Infrastructure’s role in long-range financial planning
Public Relations Chair
In September 2011, our General Manager introduced the topic of “Infrastructure” to the then seated Governing Board at the Board’s annual orientation. His intent was to provide insight into understanding what is meant by infrastructure and to encourage its consideration in long-range financial planning for Recreation Centers of Sun City West owned properties.
I have been thinking more and more about this topic and I feel the need to open a discussion to explore what is meant by infrastructure and why this is important for all Owner Members to think about, not just the Governing Board.
The dictionary definition for infrastructure is: “An underlying base or foundation especially for an organization or system. The basic facilities, services, and installations needed for the functioning of a community or society …”
Applying this definition to Sun City West in terms of future planning for sustainability of what Del Webb envisioned and the preservation of certain essential “facilities and services” as defined, is important. Not only do we have to make the necessary repairs, but we have to plan ahead to set aside funds (sometimes by raising dues) so the money is ready when the repairs are needed. When the community was brand new, it was easy to keep dues low because the infrastructure was new so little had to be set aside for its long-term maintenance. Now, however, it’s time to start budgeting for that inevitability.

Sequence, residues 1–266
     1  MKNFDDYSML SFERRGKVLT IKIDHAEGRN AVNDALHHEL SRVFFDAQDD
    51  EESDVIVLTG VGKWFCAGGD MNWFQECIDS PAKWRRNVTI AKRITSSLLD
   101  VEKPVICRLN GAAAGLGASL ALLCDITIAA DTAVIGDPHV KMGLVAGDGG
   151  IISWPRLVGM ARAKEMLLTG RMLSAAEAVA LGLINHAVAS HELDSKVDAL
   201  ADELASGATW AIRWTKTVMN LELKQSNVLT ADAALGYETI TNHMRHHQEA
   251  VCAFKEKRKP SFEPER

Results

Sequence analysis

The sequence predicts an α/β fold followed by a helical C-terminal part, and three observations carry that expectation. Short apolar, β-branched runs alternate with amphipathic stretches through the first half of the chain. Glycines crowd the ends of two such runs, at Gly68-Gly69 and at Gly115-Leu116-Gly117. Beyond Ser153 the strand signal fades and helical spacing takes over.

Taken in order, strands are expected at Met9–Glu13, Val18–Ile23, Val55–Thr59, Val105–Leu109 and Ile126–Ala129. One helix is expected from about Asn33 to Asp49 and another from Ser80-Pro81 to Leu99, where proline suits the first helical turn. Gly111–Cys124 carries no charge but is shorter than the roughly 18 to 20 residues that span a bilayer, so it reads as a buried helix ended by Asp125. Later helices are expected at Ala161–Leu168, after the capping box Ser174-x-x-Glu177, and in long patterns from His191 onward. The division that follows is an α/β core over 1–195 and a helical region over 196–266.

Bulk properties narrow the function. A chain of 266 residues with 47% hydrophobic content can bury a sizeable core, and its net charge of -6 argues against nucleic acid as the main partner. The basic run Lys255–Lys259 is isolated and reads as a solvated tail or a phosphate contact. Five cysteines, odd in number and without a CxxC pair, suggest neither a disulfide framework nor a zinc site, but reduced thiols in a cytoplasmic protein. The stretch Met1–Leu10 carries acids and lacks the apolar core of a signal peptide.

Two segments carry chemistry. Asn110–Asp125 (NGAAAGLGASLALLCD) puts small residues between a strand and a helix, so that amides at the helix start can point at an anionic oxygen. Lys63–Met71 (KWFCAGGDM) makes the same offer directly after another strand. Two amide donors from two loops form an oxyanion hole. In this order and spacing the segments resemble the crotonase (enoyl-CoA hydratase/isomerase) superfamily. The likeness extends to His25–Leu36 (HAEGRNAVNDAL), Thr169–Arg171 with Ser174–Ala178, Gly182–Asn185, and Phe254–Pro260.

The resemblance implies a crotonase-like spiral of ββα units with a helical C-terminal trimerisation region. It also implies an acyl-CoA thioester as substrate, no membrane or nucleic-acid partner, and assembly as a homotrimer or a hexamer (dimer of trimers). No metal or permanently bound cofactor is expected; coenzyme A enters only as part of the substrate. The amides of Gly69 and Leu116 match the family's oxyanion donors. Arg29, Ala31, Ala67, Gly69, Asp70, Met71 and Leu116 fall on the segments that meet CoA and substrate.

So, what might be some specific elements of infrastructure? Here are just a couple of examples: the R.H. Johnson Pool, irrigation systems, and parking lots.
In the case of the R.H. Johnson Pool, there is no Visqueen between the soil and the concrete, which has allowed chemicals to leach up from the soil and damage the concrete deck. Despite our efforts to repair the deck over the last couple of years, we will eventually need to replace the whole thing. This will not be cheap.
In the case of parking lots, the lifespan is about 20 years because of the nature of asphalt and the damage Arizona’s sun and heat inflict. The Rec Centers maintains more than 40 acres of parking lots adjacent to our owned properties. These must be maintained, and the maintenance is not cheap.
The water wells and irrigation systems are additional concerns. Many of these predate the community and are more than 50 years old. They include miles of underground piping capable of sending water to other golf courses in case a water well pump fails at one course. We have been and will continue to replace parts of the system as lines break or valves wear out.
The wells, however, will eventually get beyond the point where they can be repaired. We are projecting the replacement of two wells in the next 25 years. Again, these are not cheap – they cost about $1 million to $1.5 million apiece.
The cost of maintaining these elements as well as our other facilities is planned for in our public budgeting process. That’s where we count on you to share your thoughts, concerns and priorities with us. With some areas of Sun City West reaching the 30-35 year old category, there is expected to be more discussion about how to fund certain infrastructure items.
The Staff, Governing Board and Budget and Finance Committee have been wrestling with infrastructure failure risks and costs for some time. I thought you might want to join in the discussion.